Sydney Harris and Jessi Powers were living parallel existences for decades before they found each other.
Both women, who are now in their 30s, grew up in religious families and married men shortly after high school. Powers, an Alaska native, is the mom of two children and spent her days leading homeschooling classes. Harris, who grew up on Orcas, also has two kids and was a stay-at-home parent.
“We had a clear picture of how our lives were supposed to look,” said Harris, whose father is a pastor. “We both loved our families and our faith communities, and we wanted to embrace that life. And we tried really hard, but there was always a part that didn’t feel whole. We did it so right, but we felt so wrong.”
In 2022, Harris came out to her husband, children and family. Thousands of miles north, Powers did the same.
“We chose ourselves at the risk of losing everything. And there has been some heartbreak along the way,” Harris said. “Strangely, we were doing the same work in separate parts of the world.”
Powers left Alaska to stay in Seattle for a few months, flying home to Anchorage periodically to see her children. She went on a handful of dates but didn’t feel attracted to anyone. It was during a visit home that Powers went on a dating app to show her friend how few prospects were available in their area. She kept increasing the app’s radius to illustrate her point. After returning to Seattle, she forgot to change the radius back to a smaller region — and it was then that Harris, living on a tiny island four hours away, popped up on her screen.
“It was a total accident that we matched,” Powers said. “I hated Seattle, I was lonely and I was about to move back to Alaska. So when we started texting, I just laid it all out there.”
Harris says it was Powers’ refreshing honesty that swept her away.
“Within the first five messages, it was a chilling feeling: everything I had dreamt about since I was a little girl was coming true,” she said.
After several weeks of communicating online, Harris headed to Seattle for a date with Powers on Dec. 30. Neither believed their connection would be real in person.
“Everything we felt in those messages we then felt times 10,” Harris remembers.
The two shared their first kiss in a minivan, which they joke was apropos given their lives spent as mothers. Both say it was the “best first kiss ever.”
Harris had been shopping that day for New Year’s Eve party favors, which included miniature trophies. After their smooch, she handed one of the trophies to Powers in honor of her “first time making a move on a woman.” One year later, they gifted regular-size, personally engraved trophies to each other, without the other’s knowledge, in honor of that special day.
Over the next two months, they continued to see each other and communicate from afar. Powers moved to the island, taking a job as a barista at Orcas Island Market, where Harris is the Customer Engagement Coordinator.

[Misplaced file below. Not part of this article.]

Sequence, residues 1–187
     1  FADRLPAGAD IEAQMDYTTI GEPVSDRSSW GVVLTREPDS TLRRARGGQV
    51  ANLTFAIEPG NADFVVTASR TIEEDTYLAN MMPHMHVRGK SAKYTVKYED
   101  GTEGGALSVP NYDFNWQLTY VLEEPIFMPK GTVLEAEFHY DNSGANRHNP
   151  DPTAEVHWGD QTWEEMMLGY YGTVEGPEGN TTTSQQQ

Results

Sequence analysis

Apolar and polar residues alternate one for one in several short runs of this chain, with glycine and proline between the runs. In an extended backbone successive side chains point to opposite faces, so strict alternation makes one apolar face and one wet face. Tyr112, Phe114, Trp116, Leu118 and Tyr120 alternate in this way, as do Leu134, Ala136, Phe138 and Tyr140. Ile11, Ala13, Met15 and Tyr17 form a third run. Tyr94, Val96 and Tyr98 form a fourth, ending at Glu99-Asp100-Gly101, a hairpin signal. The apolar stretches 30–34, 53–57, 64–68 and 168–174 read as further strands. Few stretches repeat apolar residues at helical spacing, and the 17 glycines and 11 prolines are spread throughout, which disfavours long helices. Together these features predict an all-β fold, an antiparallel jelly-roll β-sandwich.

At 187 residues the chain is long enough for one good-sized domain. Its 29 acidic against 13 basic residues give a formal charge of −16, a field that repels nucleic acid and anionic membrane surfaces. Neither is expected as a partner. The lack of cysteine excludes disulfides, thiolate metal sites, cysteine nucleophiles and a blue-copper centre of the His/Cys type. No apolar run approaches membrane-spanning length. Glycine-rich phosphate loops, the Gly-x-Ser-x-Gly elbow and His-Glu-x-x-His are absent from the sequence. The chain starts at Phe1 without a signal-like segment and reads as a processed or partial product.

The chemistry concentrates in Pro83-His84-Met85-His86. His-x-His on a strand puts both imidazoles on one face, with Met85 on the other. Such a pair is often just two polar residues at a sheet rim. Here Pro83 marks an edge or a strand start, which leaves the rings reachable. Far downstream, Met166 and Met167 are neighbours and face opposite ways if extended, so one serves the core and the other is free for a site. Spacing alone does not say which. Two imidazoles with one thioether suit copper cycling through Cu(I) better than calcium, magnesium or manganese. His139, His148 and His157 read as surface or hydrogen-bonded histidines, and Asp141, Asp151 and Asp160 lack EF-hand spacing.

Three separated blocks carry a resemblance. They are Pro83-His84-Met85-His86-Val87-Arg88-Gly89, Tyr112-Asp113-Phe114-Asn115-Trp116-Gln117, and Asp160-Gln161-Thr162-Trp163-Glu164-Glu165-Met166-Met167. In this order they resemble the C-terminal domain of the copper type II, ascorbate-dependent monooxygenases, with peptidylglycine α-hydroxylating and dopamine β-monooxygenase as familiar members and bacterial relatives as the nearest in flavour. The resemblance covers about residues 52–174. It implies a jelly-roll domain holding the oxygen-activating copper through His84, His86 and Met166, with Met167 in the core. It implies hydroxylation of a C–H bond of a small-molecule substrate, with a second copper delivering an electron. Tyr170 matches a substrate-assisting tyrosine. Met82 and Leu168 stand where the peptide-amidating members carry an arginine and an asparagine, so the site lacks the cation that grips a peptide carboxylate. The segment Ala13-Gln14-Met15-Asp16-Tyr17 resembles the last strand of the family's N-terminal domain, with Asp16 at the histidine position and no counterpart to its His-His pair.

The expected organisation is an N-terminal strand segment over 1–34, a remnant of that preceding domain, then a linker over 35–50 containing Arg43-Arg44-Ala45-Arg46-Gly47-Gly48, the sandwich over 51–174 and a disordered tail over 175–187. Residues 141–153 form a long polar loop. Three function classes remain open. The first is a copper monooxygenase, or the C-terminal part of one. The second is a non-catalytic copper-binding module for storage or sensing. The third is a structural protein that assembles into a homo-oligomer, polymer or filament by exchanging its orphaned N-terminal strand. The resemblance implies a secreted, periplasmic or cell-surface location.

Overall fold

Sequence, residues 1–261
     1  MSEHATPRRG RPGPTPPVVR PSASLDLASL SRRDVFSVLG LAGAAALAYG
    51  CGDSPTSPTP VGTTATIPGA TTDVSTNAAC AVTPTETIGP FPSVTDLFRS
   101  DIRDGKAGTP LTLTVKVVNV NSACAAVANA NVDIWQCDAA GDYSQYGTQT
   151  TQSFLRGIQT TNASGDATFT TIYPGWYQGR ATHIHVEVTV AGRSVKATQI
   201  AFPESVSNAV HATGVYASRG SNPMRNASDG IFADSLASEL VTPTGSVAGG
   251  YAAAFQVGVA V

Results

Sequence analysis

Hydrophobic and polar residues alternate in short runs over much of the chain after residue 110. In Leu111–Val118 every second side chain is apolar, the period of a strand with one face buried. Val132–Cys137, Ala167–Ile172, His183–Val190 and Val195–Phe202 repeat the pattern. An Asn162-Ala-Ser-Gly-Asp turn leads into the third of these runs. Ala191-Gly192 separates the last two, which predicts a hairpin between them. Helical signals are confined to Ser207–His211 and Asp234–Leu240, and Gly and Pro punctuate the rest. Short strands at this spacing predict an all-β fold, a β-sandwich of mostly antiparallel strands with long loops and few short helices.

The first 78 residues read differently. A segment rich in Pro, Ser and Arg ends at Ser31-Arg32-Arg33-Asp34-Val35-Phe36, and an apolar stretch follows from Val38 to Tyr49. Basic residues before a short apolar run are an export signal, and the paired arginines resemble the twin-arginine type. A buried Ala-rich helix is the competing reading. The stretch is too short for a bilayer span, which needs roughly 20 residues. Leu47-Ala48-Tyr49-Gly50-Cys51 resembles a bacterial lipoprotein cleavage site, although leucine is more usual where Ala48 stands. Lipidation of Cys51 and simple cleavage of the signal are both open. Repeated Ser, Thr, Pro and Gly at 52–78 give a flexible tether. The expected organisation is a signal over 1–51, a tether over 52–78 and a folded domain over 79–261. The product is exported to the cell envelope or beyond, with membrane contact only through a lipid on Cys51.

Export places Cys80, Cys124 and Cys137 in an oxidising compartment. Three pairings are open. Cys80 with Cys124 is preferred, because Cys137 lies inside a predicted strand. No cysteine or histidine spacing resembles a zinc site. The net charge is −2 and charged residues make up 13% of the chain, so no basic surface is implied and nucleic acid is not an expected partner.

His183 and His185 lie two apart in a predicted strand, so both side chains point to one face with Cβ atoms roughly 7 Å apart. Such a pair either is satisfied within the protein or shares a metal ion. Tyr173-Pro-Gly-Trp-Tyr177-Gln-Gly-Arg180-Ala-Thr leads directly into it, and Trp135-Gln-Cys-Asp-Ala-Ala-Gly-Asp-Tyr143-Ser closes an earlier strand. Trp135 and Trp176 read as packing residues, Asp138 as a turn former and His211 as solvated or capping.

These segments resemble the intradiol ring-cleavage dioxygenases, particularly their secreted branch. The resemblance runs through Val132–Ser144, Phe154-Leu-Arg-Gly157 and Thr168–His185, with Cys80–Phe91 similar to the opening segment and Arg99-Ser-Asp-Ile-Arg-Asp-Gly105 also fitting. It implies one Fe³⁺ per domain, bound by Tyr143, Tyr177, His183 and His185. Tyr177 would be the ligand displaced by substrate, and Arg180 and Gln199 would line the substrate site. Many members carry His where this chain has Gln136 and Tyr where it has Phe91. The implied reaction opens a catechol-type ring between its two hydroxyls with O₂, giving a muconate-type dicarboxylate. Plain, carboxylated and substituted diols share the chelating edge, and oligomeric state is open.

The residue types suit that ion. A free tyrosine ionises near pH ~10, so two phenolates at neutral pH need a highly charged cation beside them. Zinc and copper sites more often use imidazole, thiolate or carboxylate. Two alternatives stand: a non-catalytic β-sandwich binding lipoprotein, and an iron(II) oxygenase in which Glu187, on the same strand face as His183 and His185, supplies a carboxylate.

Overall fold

“We didn’t want to waste any more time without one another. Then there was a lot of work to meld our lives together,” said Harris, who shares joint custody with her nine-year-old son Brandon and seven-year-old daughter Ellie, who is special needs.
Powers’ daughter Jules is 15 and her son Weston is 11, and they currently reside in Alaska and come to Orcas for long visits. Initially, Jules was skeptical of her mother’s new life.
“We were part of a strict homeschool Christian community, and I had taught my children that being gay is a sin,” Powers shared. “We asked them to come visit and see for themselves. Whatever they decided, we would honor. We didn’t force anything on them.”
Now, the four children are close and refer to one another as siblings. They hope to live together full-time on Orcas.
“Our love speaks for itself,” Powers said. “My daughter recently stood up in her church to call them hypocrites because it is against Christian values to not accept everyone.”
Added Harris: “We are showing our kids what it looks like to be brave and choose yourself.”
This past September, in another serendipitous moment, Powers and Harris secretly bought each other rings and planned proposals. They both said “yes” and hope to marry this year.
As they’ve navigated a year of significant change, they are doing it together.
“We are learning the step-parent component, and we are learning how to be queer women in the world,” Harris said.
The couple say they expected some bigotry on Orcas but have experienced little on the island since coming out. Instead, they have endured objectifying, sexualized comments from community members about their new status as a couple — which they did not anticipate.
“I have never been so targeted as I am now,” Harris said. “We have very public jobs. It’s been hard.”
In their downtime, they’ve been working on their pickleball game; both women are athletes with a fierce competitive streak. Every morning, the two wake up early so they have extra time to lie in bed, drink coffee and talk. They have one day off together — Sunday — and it is a cherished, sacred day.
“We’re obsessed with each other,” Powers said. “We love working together, we love just being together.